Themes in gaming are often overlooked, but can be the most important aspect long term. Choosing a theme is extremely difficult. Trends change everyday, and themes can determine who the fans will be. Appealing to the majority or a niche trend is the biggest decision. In this article from PocketGamer, Rimmy Spanjer analyzes the issues and importance of themes in gaming. Rimmy is the managing director of games at Hyper Hippo Entertainment.
“It’s a strange and sad truth that we have never even heard of the best game ever made. As much as every game designer would like their game to speak for itself – it’s meaningless if you can’t attract the right players, and you’ll never get them without a strong theme.
Think of the theme as the advertising for your game. It tells a story about what your game will be like. This begins to define the type of people who will enjoy it. The moment you choose a theme, you’re inevitably excluding people, and every choice after that will only limit your audience further.
As a game developer, it’s a natural instinct to build games you want to play, essentially for a demographic of one. If you follow that path, the success of your project boils down to how many people share your exact tastes. Sometimes this works – sometimes this even works to an enormous degree, but it’s always a dangerous gamble. But before you consider compromising your vision, or the systems you’re so proud of, consider examining your choice of theme.
Theme is likely the first thing that will draw the attention of your audience. You have to consider whether it will resonate or push them away. It’s also one of the best ways to get the right people, the players who will most enjoy your game. This comes down to carefully examining the core elements of your product, in an effort to better understand the types of players who enjoy your game.
Everything a person sees before they play your game sets up their expectations. Your marketing efforts build up a version of what your game is like in the player’s mind before they even download it. To attract a dedicated fan base for your game, you need to tell a clear story across all channels. The more the game aligns with their expectations, the more successful it will be. You don’t want your players to feel like you tricked them or that you wasted the potential of the player promise.
Getting inspired: how to find themes in gaming
It’s really challenging to choose the right theme. It’s probably the riskiest decision you’ll make when developing your game. It sometimes has the least amount of consideration put into it. But there are a couple of key methods of identifying potential themes you can employ.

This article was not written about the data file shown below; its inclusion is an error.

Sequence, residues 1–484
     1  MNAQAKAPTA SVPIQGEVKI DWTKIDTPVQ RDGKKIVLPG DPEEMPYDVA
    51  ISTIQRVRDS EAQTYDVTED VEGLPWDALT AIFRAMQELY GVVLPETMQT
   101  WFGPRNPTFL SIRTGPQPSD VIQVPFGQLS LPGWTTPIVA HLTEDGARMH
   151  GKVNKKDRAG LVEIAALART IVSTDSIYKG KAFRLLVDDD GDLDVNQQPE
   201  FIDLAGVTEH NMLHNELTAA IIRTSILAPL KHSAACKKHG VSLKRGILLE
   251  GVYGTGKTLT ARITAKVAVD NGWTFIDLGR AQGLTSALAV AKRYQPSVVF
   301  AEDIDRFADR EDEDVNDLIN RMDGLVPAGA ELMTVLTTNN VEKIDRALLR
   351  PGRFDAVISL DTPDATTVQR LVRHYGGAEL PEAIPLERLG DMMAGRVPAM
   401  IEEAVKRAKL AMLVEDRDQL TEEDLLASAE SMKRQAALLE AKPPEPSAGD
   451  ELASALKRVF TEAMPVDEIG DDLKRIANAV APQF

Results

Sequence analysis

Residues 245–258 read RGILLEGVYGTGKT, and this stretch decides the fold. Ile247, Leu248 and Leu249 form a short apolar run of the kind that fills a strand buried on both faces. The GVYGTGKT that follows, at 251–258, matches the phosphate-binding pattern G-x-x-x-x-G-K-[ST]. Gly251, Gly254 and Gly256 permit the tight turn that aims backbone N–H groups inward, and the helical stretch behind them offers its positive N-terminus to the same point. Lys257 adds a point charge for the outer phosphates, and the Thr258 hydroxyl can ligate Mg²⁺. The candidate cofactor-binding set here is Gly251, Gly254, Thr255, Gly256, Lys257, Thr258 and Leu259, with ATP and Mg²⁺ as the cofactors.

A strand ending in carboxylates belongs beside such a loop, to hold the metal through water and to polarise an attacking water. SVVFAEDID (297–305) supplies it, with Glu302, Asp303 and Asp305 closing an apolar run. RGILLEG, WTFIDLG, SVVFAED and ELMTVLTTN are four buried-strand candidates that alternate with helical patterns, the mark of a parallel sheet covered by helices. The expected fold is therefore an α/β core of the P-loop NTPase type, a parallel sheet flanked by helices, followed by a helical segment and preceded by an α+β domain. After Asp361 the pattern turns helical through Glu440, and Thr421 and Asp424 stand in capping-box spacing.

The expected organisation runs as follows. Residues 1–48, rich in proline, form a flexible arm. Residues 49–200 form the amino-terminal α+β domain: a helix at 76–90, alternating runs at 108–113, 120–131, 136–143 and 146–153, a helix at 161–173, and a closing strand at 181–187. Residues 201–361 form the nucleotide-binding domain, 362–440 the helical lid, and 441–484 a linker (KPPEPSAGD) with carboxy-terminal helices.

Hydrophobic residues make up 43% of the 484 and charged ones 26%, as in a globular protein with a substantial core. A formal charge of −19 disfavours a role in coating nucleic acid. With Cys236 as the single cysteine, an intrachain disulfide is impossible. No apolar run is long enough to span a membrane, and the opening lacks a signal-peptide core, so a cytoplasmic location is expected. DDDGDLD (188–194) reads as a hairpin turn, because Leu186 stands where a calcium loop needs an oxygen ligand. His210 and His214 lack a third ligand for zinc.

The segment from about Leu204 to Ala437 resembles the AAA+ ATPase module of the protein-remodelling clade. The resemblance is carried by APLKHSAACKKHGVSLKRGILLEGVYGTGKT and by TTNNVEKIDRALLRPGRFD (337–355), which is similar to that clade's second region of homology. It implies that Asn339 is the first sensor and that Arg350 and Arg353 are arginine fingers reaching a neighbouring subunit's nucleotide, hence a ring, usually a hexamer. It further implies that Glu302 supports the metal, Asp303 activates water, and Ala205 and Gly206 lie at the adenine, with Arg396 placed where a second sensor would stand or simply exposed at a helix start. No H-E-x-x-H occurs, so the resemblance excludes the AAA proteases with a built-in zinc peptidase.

The first is to look at the market itself. Use industry tools and the app stores themselves to identify similar products in the space you’re trying to get into. Type in keywords that players might use to find your product. Even just products of the same genre or using the same systems as yours, and examine the results. Remember that this is what the players themselves will be seeing and what they’ll be comparing your product to. From here you can hopefully find a ‘hole’ in the market. Something that follows the rules we examined above, but is also under-represented in the market.
The other option is ‘trend-chasing’ as previously mentioned. This involves trying to predict a theme that either is currently popular or maybe popular when your game is released. You can try tools like Google Trends, but it’s hard to get ahead of the curve. You might find more success by paying attention to other product releases you are aware of, like upcoming movies or highly anticipated games. It can be possible (though risky) to piggyback on the hype and excitement already being generated.
The most important thing to do is remember that you’re building a game for your players, and the market is ultimately going to be what decides how successful your game will be. There will always be exceptions, there will be games that defy expectations or are successful in spite of themselves, but every choice we make comes with risk, and you need to decide which risks you’re comfortable with.
Putting out a game will always be something of a wild gamble; no one can ever perfectly predict how a game will do once it’s in the hands of the players. It’s the most exciting and terrifying moment in a developer’s life when a game finally launches; it’s part of what makes us love this job and also go grey early. But it’s already risky enough just based on the quality of the game and the choices you’ve made along the way, so hopefully, a better understanding of themes can help your game speak for itself.
If you have made the greatest game the world has ever seen, don’t let your theme be the reason we’ve never played it!”